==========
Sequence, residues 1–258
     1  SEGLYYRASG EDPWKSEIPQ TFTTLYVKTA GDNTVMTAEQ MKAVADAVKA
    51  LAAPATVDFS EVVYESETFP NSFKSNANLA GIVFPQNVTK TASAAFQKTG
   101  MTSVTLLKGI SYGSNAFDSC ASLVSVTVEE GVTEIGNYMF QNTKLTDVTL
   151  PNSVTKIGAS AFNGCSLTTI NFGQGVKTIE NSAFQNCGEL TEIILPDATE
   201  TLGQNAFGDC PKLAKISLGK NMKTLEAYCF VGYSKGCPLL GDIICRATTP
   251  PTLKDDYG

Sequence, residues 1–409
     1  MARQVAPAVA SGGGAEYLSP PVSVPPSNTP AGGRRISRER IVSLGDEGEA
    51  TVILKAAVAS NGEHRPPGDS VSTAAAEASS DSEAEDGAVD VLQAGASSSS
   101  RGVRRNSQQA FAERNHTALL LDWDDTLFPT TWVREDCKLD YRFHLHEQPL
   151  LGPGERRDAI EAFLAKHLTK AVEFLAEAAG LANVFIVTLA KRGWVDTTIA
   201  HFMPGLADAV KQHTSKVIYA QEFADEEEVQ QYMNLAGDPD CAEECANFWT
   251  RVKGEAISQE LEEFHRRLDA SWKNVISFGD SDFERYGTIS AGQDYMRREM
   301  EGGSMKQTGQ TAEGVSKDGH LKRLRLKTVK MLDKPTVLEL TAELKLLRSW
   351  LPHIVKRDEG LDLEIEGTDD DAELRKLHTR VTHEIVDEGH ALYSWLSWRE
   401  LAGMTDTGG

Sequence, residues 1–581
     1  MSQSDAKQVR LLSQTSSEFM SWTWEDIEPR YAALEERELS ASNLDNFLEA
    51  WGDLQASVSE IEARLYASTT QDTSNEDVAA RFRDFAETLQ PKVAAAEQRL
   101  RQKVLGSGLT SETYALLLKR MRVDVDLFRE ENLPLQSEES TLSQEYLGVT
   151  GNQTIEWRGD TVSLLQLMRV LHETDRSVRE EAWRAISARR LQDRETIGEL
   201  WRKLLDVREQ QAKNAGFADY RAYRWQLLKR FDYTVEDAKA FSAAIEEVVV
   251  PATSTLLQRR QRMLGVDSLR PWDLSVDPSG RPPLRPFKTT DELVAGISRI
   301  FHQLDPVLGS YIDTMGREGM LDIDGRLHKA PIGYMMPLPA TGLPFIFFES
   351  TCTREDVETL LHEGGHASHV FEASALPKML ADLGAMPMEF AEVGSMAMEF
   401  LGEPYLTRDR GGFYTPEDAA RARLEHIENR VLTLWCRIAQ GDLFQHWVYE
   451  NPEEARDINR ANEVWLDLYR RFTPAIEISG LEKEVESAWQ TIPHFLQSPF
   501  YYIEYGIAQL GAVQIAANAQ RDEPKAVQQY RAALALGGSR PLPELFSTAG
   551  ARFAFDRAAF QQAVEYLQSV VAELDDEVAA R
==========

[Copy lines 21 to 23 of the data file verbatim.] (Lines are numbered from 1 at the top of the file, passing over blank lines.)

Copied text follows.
   101  RQKVLGSGLT SETYALLLKR MRVDVDLFRE ENLPLQSEES TLSQEYLGVT
   151  GNQTIEWRGD TVSLLQLMRV LHETDRSVRE EAWRAISARR LQDRETIGEL
   201  WRKLLDVREQ QAKNAGFADY RAYRWQLLKR FDYTVEDAKA FSAAIEEVVV